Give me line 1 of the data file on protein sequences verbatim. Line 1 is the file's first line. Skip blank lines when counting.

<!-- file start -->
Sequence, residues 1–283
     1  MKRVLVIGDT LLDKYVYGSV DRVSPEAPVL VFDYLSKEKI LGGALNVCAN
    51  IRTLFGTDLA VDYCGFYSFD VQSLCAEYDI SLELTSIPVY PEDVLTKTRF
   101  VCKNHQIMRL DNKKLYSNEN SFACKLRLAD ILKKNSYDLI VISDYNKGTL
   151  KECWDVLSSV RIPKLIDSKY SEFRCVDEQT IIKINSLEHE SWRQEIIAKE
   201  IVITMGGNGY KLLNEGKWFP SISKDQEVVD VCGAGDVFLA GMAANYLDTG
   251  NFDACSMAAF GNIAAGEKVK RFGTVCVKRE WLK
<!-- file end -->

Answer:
Sequence, residues 1–283